We were mightily impressed by its seemingly impossible value for money - from just £8700, you could get “a good-looking compact SUV, with a spacious interior, that’s cheaper than a Ford Fiesta”.
In that same review we also mentioned that the original Duster, sold in the 1980s, was “an automotive excrescence so terrible it makes a bus pass look attractive". Ouch.
But were Autocar’s road testers of yore quite so critical? We tested the ‘Rough Road Romanian’ on 21 August 1985.
The Duster, aimed at “farmers and businesses needing a light workhorse that might have to operate in tough conditions”, could be bought as a pick-up or a ‘closed van’, with a "lusty" 1400cc, 65bhp engine under the bonnet.
“Drivers who spend much of their time tootling around town in something like a Ford Fiesta or Renault 5 are often thunderstruck by the capabilities of a purpose-built off-road car,” we began. Some rivals, evidently, are for life.
“For that reason the Dacia Duster could well gain a modicum of popularity,” we continued, “because by comparison with your average 1500cc passenger car, the Duster will, indeed, do amazing things in rough, off-road conditions.”
The Duster could be yours for the “attractive price tag of around £6000, which is £4000 cheaper than a short-wheelbase Land Rover.”
The 1985 Duster was actually an ARO 10 (no, us neither) rebadged for the UK market. “Chassis and bodywork are original Romanian design,” Autocar explained. “The engine suspension and running gear are effectively Renault 12 components made under licence.”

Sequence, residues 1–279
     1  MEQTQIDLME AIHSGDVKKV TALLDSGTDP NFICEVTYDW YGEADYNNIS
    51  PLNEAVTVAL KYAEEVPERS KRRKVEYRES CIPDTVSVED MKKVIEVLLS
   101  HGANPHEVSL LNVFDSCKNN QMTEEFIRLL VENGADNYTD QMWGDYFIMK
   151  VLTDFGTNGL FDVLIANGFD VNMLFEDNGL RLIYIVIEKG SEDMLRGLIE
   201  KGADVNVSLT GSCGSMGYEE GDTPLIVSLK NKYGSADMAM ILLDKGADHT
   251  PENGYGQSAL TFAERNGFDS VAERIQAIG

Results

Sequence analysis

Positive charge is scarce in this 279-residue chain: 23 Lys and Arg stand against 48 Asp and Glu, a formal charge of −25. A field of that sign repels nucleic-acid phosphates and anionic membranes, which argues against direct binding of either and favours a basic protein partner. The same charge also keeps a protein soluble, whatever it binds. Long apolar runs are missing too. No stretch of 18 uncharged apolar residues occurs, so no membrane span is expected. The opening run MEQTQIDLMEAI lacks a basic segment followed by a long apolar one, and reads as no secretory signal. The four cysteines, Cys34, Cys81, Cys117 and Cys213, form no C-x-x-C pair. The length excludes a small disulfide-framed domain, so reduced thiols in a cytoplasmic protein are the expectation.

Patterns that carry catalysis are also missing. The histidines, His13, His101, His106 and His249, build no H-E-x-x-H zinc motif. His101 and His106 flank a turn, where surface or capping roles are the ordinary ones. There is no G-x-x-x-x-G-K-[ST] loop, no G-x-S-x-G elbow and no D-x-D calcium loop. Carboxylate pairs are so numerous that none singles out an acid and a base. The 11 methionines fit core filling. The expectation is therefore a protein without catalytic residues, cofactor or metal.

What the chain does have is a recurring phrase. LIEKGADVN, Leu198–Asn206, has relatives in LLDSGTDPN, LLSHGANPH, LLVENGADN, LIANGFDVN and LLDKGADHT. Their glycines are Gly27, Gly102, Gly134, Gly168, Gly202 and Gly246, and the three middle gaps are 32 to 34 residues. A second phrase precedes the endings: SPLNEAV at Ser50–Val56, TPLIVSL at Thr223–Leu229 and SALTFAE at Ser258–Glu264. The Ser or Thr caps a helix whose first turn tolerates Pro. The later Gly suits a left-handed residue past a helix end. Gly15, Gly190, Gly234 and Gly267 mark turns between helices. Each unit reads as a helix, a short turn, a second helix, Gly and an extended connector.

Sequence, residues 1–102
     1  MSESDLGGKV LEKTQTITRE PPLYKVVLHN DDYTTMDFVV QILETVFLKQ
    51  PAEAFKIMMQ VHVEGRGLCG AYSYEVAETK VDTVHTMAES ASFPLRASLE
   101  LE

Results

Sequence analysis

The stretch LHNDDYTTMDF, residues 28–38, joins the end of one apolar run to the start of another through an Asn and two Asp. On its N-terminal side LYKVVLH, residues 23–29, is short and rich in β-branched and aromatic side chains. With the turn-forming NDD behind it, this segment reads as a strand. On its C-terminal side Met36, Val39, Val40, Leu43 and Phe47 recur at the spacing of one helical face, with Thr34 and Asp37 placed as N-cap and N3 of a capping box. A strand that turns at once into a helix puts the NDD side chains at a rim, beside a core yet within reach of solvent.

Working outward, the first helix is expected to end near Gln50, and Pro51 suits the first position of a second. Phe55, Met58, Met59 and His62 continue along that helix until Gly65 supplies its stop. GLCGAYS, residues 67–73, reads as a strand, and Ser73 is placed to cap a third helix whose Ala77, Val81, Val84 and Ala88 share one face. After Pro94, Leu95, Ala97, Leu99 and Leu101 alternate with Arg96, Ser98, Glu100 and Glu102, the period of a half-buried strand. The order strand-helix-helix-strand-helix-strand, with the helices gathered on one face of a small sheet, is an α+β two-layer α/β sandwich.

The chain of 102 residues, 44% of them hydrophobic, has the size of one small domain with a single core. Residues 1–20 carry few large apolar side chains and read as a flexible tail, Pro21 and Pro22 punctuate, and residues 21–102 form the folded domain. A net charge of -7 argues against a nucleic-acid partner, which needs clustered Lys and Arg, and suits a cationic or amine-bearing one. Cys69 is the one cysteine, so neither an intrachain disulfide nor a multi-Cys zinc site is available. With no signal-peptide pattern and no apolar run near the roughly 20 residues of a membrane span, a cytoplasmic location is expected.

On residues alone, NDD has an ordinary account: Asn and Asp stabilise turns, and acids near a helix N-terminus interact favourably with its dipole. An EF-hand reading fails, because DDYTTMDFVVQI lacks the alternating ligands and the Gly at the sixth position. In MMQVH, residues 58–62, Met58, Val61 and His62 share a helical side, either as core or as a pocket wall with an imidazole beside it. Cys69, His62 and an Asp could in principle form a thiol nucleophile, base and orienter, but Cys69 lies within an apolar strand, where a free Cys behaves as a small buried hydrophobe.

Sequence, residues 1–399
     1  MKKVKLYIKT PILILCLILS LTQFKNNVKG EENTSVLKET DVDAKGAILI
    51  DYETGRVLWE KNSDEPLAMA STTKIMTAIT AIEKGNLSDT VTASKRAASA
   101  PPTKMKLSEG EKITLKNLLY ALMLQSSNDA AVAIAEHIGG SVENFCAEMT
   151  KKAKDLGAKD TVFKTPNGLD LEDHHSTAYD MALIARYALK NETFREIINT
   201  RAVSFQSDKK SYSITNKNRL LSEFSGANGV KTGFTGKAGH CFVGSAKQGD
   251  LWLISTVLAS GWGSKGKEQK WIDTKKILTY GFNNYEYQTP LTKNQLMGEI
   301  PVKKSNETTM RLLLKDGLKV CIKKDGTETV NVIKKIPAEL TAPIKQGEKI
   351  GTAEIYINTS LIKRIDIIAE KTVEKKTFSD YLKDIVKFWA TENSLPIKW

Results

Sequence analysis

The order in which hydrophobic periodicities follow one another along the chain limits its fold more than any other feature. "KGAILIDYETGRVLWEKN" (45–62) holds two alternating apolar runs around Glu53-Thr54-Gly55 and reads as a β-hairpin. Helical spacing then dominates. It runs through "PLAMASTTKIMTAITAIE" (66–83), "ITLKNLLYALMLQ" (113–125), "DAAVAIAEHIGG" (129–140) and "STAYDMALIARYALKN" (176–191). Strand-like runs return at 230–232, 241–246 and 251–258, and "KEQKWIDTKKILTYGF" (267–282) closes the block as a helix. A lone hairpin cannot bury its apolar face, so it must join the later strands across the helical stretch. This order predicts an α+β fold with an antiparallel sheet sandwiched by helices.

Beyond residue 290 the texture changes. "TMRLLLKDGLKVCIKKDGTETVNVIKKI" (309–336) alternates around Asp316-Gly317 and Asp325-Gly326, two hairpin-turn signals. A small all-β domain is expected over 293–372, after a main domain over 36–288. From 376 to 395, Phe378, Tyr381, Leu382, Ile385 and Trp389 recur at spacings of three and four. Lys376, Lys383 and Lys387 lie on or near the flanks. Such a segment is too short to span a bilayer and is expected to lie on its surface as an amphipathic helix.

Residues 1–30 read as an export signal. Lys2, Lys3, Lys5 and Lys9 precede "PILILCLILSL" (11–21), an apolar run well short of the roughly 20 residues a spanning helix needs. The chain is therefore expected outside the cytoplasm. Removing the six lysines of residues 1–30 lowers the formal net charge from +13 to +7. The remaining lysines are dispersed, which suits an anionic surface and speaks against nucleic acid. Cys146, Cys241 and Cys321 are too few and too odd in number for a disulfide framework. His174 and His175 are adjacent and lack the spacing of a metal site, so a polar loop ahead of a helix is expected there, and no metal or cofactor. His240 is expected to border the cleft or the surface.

While Renault didn’t acquire Dacia until 1999, they did share a working relationship for some years prior.
A fair introduction from Autocar, then, but it soon started to go downhill. “It owes its low price to its Eastern European origins, and like some other products from that part of the world, suffers a little in lack of attention to detail in the quality of fit and finish.”
Performance wasn’t great, either: “Acceleration is quite pedestrian, with 60mph coming up 22.7sec after a lurching standing start. The standing quarter mile took 22.6sec, but we didn’t bother to time a standing kilometre because the Duster GLX stopped accelerating long before the kilometre post showed up…” Hardly surprising for a car with a top speed of just 72mph.
Our testers continued: “The Duster is not a particularly easy car to drive. Though the pedals are light to operate, the gearshift is awkwardly notchy and the unassisted steering is very heavy at parking speeds. The driving position is quite good though, with controls and switchgear within easy reach.”
You were out of luck if you wanted to listen to Phil Collins on the radio, though. “The overall racket [of the Duster, not No Jacket Required] is no worse than in many other cars of this type, but it does mean that the £100-extra radio isn’t worth listening to when bustling along at anything over 60mph."
The Dacia did fare somewhat better in its natural habitat, however: “The Duster’s four-wheel drive system is of a traditional sort, with a front-mounted engine driving the rear wheels through a four-speed gearbox.
“In off-road conditions the Duster is adequately competent in that it will go anywhere a relatively inexperienced, fun-seeking off-road driver might take it – down to the lakeside with the surfboards, for instance.
“Not that the Duster should be treated lightly as an off-roader. Its real weak point is that the engine, being of fairly small capacity and derived from a passenger car unit, lacks the sort of slogging, low-down torque that a good cross-country car needs.
“The driver will have to work to get the Duster through conditions that Auntie Land Rover, with nearly twice as much torque available at a far lower engine speed, would waddle through at a relaxed gait.”
Not all bad then, but Autocar’s verdict was hardly glowing: “Leisure-bent enthusiasts might consider the Duster to be a low-cost alternative to something like an open sports car, but such potential buyers must be prepared to accept the lack of on-road performance and refinement.”
Certainly, the popular current model can be thankful for both the fall of the Iron Curtain and its maker's modern French connection.